1

In Ubuntu, when I run the command man rsyslog.conf, a manual page comes up. So I tried to find the location of this man page by whereis -m rsyslog.conf, but it didn't give me any results. Should I use another command for $config mans' locations? Where are these man pages stored in Linux?

2

You can ask man where it's finding the man page.

$ man -w rsyslog.conf
/usr/share/man/man5/rsyslog.conf.5.gz

The whereis utility does know to look there:

$ whereis -m xfs.5
xfs: /usr/share/man/man5/xfs.5.gz

So why doesn't it find rsyslog.conf?

$ whereis -m rsyslog.conf
rsyslog:

The fact that the line begins with rsyslog: and not rsyslog.conf: is a hint. It's because whereis ignores the extension of what you ask it to find.

$ whereis -m xfs.1
xfs: /usr/share/man/man5/xfs.5.gz

And when whereis is looking at available files, it ignores compression extensions, and allows the actual file to have one extra extension (plus a few other things that aren't relevant here). So when it's told to look for xfs.5, it actually looks for xfs, but allows xfs.5.gz as a match (it would also allow xfs, xfs.42, xfs.gz, etc.). When it's told to look for rsyslog.conf, it actually looks for rsyslog, and it would allow rsyslog.conf.gz or rsyslog.5.gz but not rsyslog.conf.5.gz. If you told it to look for rsyslog.conf.5, it would find the man page (but it would even find a man page in another section).

While whereis conveniently groups looking for executables, manual pages and source code in one place, it's less reliable than other tools because it has quirky lookup rules and only looks in hard-coded places.

  • To look for an executable in your current executable search path ($PATH), use the type shell builtin.
  • To look for a man page in your current man page search path ($MANPATH or deduced from $PATH plus a system configuration), use man -w (or man -wa in case there are multiple matches).
  • To look for a file anywhere on the system, use locate.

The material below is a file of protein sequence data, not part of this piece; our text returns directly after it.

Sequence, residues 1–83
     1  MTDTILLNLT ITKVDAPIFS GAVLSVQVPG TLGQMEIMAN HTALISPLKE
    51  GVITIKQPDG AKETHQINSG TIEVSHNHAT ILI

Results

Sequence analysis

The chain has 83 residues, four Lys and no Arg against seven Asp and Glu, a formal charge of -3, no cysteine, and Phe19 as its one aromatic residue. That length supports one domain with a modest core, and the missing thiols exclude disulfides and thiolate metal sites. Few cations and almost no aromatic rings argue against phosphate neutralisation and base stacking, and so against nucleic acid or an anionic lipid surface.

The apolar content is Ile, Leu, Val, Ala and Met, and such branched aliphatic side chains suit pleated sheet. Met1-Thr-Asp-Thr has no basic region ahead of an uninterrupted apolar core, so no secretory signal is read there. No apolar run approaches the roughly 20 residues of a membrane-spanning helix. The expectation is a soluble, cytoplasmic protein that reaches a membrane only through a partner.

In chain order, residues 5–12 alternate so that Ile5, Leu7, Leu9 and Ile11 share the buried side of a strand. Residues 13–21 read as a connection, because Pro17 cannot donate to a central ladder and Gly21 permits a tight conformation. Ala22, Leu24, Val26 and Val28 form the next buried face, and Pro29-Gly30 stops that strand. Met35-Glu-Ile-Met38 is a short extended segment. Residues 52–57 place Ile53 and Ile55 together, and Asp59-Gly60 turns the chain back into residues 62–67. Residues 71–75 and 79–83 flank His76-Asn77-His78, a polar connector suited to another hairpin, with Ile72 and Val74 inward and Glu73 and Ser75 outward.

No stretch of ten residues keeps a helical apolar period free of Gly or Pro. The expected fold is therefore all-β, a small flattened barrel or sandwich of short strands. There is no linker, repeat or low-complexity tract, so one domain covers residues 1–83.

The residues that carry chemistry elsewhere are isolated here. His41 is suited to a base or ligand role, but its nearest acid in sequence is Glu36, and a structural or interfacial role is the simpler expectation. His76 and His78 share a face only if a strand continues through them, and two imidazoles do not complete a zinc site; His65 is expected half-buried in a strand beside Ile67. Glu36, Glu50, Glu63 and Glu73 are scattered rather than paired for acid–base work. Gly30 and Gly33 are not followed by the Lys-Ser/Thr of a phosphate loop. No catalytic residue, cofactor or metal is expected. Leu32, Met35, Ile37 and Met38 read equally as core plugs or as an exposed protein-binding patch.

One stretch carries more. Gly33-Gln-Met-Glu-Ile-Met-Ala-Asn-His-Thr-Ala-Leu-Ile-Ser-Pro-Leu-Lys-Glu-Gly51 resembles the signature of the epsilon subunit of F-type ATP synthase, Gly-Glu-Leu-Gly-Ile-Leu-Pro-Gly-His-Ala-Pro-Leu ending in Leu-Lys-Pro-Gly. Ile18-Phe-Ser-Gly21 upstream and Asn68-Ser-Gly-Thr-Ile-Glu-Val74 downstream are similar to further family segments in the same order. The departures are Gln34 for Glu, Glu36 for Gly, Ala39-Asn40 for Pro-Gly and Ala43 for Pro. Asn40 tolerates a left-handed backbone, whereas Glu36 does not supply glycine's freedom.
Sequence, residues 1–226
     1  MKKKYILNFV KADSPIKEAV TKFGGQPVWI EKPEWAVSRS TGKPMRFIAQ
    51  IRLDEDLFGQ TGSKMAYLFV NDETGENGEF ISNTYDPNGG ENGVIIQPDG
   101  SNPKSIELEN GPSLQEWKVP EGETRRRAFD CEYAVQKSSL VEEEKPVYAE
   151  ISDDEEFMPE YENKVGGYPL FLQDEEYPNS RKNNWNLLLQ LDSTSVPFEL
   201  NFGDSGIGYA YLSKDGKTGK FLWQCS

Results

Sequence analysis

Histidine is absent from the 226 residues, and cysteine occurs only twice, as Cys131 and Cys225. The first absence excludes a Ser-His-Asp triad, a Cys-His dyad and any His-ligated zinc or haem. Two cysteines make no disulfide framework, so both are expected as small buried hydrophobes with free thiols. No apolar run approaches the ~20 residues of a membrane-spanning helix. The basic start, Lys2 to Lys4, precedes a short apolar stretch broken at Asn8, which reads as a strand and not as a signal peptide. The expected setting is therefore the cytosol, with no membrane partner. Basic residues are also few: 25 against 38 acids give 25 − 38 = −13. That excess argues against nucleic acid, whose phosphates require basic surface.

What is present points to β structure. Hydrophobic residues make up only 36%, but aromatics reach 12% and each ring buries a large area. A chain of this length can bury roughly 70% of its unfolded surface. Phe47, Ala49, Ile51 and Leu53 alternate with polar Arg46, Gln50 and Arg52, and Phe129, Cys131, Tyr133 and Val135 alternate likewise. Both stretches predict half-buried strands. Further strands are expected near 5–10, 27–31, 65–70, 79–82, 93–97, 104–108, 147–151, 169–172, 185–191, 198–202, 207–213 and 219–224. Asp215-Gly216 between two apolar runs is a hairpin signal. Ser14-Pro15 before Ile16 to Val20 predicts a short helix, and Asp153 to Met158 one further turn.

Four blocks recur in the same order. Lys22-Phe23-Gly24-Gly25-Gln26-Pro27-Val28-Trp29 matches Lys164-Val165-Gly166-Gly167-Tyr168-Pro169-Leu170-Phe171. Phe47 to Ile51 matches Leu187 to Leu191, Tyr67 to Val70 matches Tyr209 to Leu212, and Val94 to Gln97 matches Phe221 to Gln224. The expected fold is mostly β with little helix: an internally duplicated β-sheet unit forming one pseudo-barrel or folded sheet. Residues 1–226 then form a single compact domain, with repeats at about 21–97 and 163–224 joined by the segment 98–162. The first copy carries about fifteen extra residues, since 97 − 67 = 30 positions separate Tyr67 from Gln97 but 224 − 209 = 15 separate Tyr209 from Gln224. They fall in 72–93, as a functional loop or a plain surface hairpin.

• To look for a file in an Ubuntu package even if you haven't installed that package, use apt-file search.
0

In Ubuntu, dpkg -L <package> will tell you all files shipped with this package. If you don't find the man pages in there, then you can often find it in <package>-doc

For rsyslog:

$ dpkg -L rsyslog | grep man
/usr/lib/x86_64-linux-gnu/rsyslog/mmanon.so
/usr/share/man
/usr/share/man/man1
/usr/share/man/man5
/usr/share/man/man5/rsyslog.conf.5.gz
/usr/share/man/man8
/usr/share/man/man8/rsyslogd.8.gz

You can look at the raw *.gz with:

$ gunzip -c /usr/share/man/man5/rsyslog.conf.5.gz
.TH RSYSLOG.CONF 5 "22 October 2012" "Version 7.2.0" "Linux System Administration"
.SH NAME
rsyslog.conf \- rsyslogd(8) configuration file
.SH DESCRIPTION
The
.I rsyslog.conf
file is the main configuration file for the
.BR rsyslogd (8)
which logs system messages on *nix systems.  This file specifies rules
for logging.  For special features see the
.BR rsyslogd (8)
manpage. Rsyslog.conf is backward-compatible with sysklogd's syslog.conf file. So if you migrate
from sysklogd you can rename it and it should work.
...

To answer your more general question "Where are manual locations for configurations", these are in chapter 5 (/usr/share/man/man5/). If we look at the output of man man (don't google that), we get:

       The table below shows the section numbers of the manual followed by the types of pages they contain.

       1   Executable programs or shell commands
       2   System calls (functions provided by the kernel)
       3   Library calls (functions within program libraries)
       4   Special files (usually found in /dev)
       5   File formats and conventions, e.g. /etc/passwd
       6   Games
       7   Miscellaneous (including macro packages and conventions), e.g. man(7), groff(7)
       8   System administration commands (usually only for root)
       9   Kernel routines [Non standard]

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